Ready to tackle the rowing machine for your next workout? Here’s everything you need to know about how to use it like a pro, including some common mistakes people make on the rower.
Rowing machines are one of my favorite cardio machines in the gym, not just for weight loss and fat burning, but for building power and improving back and trunk strength.
But while there are a ton of benefits of the rowing machine, they are all predicated on using the rowing machine properly.
That’s what we are going to cover in this article.
How to use the rowing machine properly (aka safely) and effectively. Some technique tips for mastering form. And cover some common technique mistakes people make on the rower.
Let’s jump right in.
Why the Rowing Machine is so Awesome
Let’s start off with why I love the rowing machine, and why it’s worth learning about how to use it properly right off the bat.
Here are the “Big Four” benefits of the rowing machine:
? Benefit #1: Full Body Workout
If you take a look at list of muscles worked on the rowing machine, you’ll see that it’s pretty much all of them getting involved with the rowing movement.
- When you drive backward and pull forward with your legs, your quads, hamstrings, glutes, and calves all engage.
- When you lean your torso backward and forward in tandem with your legs and arms, your abs, lower back, and hips all engage.
- When you pull the handle to your torso to complete the rowing stroke, your upper back, shoulders, biceps, and forearms all engage.
Really the only muscles that don’t work are your chest and triceps muscles (which are there to “push” rather than “pull”).
Otherwise, your entire body works together to move through each rowing stroke.
? Benefit #2: Makes HIIT Training Easy
HIIT is one of my favorite forms of training. It’s a blend of maximal effort with minimal time. The ultimate 1-2 punch when working out, IMO.
Basically, with HIIT, you spend short periods of time training at max intensity, with just enough low-intensity training between to allow for recovery without dropping your heart rate.
Asa result, you can get in a highly effective (both in terms of muscle-building and fat-burning) workout in a fraction of the time.
Some cardio machines come with pre-sets that make it easy to switch between high intensity and low intensity intervals.
For example, the exercise bike with its pre-programmed “routes”, or the elliptical with its preset HIIT workouts.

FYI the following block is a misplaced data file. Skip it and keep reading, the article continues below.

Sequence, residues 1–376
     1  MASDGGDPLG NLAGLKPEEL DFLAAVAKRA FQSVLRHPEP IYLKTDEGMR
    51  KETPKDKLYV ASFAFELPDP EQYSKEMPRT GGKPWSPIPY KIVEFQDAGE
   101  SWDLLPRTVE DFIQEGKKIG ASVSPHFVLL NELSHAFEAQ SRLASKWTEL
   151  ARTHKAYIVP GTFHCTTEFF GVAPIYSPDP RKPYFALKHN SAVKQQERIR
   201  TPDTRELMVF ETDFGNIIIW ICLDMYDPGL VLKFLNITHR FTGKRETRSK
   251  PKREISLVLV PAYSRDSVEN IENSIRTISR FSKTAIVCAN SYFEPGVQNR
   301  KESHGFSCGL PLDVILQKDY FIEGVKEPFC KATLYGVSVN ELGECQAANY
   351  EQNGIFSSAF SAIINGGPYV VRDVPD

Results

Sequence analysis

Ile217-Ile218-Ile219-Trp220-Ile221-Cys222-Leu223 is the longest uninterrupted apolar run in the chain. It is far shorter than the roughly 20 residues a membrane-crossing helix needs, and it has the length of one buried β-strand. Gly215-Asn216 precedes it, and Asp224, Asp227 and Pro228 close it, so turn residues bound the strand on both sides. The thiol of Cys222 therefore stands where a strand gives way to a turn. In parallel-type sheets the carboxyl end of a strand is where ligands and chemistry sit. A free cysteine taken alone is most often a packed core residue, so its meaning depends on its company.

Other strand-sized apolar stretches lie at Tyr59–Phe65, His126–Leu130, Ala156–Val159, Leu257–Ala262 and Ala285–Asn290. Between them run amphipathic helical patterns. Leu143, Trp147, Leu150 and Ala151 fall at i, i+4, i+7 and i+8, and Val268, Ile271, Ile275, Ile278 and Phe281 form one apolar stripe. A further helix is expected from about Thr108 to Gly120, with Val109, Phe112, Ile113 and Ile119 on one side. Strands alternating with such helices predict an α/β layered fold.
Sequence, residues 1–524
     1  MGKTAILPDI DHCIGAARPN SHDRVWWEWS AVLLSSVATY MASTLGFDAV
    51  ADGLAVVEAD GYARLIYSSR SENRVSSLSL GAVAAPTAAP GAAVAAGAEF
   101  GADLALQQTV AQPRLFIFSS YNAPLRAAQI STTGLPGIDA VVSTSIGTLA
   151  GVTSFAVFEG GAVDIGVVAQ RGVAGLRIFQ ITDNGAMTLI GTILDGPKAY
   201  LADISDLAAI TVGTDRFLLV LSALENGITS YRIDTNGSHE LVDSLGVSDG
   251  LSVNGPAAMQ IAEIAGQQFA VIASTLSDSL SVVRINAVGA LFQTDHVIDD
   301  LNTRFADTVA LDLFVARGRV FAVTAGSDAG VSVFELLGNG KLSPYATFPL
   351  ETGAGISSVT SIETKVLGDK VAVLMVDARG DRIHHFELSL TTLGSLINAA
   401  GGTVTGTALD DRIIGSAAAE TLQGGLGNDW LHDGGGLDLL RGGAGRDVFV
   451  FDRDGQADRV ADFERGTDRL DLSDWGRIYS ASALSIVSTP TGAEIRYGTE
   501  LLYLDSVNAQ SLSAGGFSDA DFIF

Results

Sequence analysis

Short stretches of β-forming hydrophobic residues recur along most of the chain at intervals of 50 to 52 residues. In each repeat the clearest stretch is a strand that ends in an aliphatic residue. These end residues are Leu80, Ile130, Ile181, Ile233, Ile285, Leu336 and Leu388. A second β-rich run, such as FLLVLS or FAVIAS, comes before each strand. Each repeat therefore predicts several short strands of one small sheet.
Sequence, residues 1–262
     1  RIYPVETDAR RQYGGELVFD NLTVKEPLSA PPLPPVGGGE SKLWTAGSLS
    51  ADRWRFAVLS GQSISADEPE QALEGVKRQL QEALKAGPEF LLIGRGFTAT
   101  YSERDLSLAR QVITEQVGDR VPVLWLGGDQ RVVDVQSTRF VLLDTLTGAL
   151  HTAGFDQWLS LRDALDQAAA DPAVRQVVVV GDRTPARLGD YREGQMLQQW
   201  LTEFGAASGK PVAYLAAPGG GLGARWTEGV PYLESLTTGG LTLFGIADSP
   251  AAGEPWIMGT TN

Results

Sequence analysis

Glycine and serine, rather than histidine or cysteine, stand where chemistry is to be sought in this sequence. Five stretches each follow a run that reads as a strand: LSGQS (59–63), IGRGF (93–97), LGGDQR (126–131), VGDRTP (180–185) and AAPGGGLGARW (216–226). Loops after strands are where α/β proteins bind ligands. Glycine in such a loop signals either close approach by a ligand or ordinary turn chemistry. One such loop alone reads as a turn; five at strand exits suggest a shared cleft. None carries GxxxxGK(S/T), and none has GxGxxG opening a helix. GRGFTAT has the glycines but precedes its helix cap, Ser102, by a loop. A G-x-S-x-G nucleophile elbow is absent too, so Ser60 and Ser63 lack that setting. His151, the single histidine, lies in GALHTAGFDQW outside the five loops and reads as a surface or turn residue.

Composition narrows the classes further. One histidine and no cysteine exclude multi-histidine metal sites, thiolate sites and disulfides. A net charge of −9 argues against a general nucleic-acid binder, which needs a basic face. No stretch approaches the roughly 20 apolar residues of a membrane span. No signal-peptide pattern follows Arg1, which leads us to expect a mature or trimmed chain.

Other machines, however, make it more difficult to switch between high and low intensity intervals. The treadmill is one such.
To push into the realm of high intensity effort, you have to manually raise the speed until you’re sprinting. Then, you have to again manually lower the speed to return to low-intensity walking or jogging.
With rowing machine HIIT workouts, there’s no fiddling with any buttons or worrying about any pre-sets (or the lack thereof).
All you have to do to push from low intensity to high intensity is to row faster, and to reverse it (from high to low intensity), just slow down your rowing pace.
I’m all about any machine that delivers maximum results with the least amount of fiddling and pressing buttons!
? Benefit #3: Surprisingly Joint-Friendly
No matter what type of rowing machine you use, you’ll find that you can get a pretty great full-body workout (as we saw above) that engages multiple muscle groups and all the joints in your body.
Rowing is a workout that helps to increase mobility by forcing your joints to move repeatedly through a full range of motion. The more you row, the less likely you’ll be to experience stiffness or limited mobility in your hips, ankles, knees, lower back, shoulders, elbows, and wrists.
But what makes rowing really great for your joints is the fact that there’s zero impact. There is no lifting your feet and placing them down again (like when you step), but your feet are planted and it’s the seat that does all the moving (sliding back and forward).
Rowing is a very low-risk, low-impact form of exercise that anyone can do safely. It’s even a great form of rehab that can help you recover from injury or surgery.